I’ve started collecting in a small way

8636Books, books, everywhere. I suddenly realise I’ve got loads of them, many of them about salmon, sea-trout and trout fishing. This will come as no big surprise to loyal followers of HSA.

I have signed copies, dust-jacketed copies. I have mentioned some here before, such as The River Within which Bill Currie (WB Currie) signed for me on the kitchen table of his farmhouse, Raperlaw, in the Borders on a fishing trip with him in late August, 1998. Going Fishing by Negley Farson, the book Hugh Falkus – recently downed from his aircraft after a disastrous Dunkirk sortie – asked for (and was given) from a Luftwaffe prison cell. (I once wpid-20130602_141337.jpgworked in the same newspaper office as American journalist Negley’s son, Daniel – whose grand-uncle was Bram Stoker of Dracula fame. Sadly I never asked him to sign his dad’s book.) I have a signed copy of The House the Hardy Brothers Built by James Leighton Hardy (thanks, Charlie), a signed copy of Chris Newton’s biography of Falkus, A life on the Edge, and of course Charles Ritz’s A Fly Fisher’s Life (not signed!). I even have a more recently acquired copy of a paperback on fishing by John Nott, Thatcher’s defence secretary at the times of the Falklands War (after meeting him at an enjoyable Farlows evening last year). Again, signed, but in the spirit of rigorous honesty, I’m afraid as yet unread.

So what’s next?

240320123014I’ve just ordered, from Paul Morgan’s Coch-y-Bonddu Books, The Experienced Angler, written by Col Robert Venables in the 17th century. You see, I’d just met his great, great, great, great grandson, Guy (another of Guy’s illustrious forebears – his uncle – is angling literary legend, author of Mr Crabtree Goes Fishing and co-founder of Angling Times in 1955, Bernard Venables). The Colonel was a controversial figure who went off to become a pirate (as you do, he said flippantly) and played a role in the setting up of Jamaica. But for a man who went off to earn his living via eye-patch and musket he wrote, as is so often the way with men of substance, some incisive words with a youthful clarity:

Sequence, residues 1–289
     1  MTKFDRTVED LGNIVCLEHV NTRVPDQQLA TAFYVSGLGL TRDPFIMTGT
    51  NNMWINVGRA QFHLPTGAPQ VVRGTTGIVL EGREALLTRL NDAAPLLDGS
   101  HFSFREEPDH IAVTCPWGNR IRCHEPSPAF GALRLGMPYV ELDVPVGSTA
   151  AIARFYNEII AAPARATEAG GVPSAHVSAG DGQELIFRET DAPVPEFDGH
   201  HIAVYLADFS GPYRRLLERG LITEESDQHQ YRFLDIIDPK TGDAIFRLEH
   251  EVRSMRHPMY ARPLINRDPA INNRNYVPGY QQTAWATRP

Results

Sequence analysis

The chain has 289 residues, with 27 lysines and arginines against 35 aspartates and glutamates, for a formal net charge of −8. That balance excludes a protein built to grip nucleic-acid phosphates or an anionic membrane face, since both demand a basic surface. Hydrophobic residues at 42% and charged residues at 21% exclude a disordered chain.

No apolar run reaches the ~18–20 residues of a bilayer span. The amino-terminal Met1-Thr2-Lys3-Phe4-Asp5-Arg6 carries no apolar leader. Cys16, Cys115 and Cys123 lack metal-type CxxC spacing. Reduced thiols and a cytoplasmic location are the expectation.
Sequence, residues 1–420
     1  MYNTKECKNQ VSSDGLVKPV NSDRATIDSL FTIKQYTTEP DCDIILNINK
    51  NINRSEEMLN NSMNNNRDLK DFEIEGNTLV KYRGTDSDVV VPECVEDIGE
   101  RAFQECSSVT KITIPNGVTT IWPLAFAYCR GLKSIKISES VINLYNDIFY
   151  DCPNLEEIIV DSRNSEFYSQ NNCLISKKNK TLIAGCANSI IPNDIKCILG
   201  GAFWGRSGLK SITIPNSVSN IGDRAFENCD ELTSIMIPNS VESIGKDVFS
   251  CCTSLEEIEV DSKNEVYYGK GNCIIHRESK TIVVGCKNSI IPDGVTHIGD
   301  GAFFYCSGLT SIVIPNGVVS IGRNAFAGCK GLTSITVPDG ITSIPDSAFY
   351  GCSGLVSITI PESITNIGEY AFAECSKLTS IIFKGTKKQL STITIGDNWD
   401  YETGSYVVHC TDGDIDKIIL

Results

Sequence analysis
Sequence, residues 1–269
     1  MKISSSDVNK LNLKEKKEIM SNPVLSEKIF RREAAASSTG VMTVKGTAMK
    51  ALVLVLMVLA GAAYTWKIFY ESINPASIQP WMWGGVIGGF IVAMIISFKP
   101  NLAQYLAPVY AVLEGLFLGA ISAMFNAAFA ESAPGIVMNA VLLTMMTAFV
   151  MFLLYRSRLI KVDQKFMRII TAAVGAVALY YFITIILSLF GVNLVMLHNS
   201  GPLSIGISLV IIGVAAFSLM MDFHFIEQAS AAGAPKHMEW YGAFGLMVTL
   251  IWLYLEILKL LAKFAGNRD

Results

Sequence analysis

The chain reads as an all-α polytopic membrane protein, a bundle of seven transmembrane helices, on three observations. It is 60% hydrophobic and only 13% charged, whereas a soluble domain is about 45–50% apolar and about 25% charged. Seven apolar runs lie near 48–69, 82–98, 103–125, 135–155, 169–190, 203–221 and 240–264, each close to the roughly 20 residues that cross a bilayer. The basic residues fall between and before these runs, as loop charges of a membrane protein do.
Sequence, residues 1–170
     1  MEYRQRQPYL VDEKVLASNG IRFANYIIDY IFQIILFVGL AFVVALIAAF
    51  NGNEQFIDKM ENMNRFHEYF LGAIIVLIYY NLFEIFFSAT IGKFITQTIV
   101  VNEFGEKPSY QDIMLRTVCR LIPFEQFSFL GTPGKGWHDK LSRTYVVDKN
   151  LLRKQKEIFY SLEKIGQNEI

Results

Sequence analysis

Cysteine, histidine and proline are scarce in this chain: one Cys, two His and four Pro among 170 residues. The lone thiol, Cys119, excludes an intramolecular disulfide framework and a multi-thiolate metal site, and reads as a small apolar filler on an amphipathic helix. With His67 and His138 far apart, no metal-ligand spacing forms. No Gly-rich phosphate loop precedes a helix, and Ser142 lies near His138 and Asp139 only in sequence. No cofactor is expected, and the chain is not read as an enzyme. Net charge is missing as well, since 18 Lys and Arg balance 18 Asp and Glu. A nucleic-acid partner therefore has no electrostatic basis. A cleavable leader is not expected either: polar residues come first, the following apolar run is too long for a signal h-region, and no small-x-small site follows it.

“Make not a daily practice, which is nothing else but a profession, of any recreation; lest your immoderate love and delight therein bring a cross with it, and blast all your content and pleasure in the same.”

Wise words. I perhaps try and observe that sentiment as I get older.

Now I want this [précis by Coch-y-Bonddu Books]:

“Irish and Hebridean salmon and sea-trout fishing. Chapters include; when spate meets tide; flies for specific conditions; the Point – a Hebridean day; salmon in shallow water; gillies, ghillies and boatmen; loch of a thousand salmon; seatrout in the loch – wet fly v. other methods; takes and mistakes; exceptional fish; salmon rod and fly sizes; the river mouth – another Hebridean day; when salmon ‘come on’; Pacific salmon in Britain; future stocks – how many fish?; rough weather; attitude to angling.”

What could this be?

DSC_1320Salmon and Sea-trout in Wild Places, by Sidney Spencer, that’s what, but I can only access a Flyfishers Classic Library omnibus copy which costs 240 quid, so I shall have to keep looking.

Col Robert V talked about a cross to bear. Which seems apt on Maundy Thursday. But have a good Easter break everyone, when it comes.

Back she goes

I love this classic shot – this is the Spey (c/o Sean Harvey), and wild enough. If you have time click the thumbnail above. It’s another of Sean’s that I’ve used before on HSA but it shows humour – an easy chair carted down to the shallows of the Gaula for a funny photo – but holds an important message, i.e. relax to catch your fish. And yes humour is so vital, it’s easy, and wrong, to take life too seriously. All the time. But then you knew that, didn’t you?

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About henrygiles

Born to fish forced to work and fish
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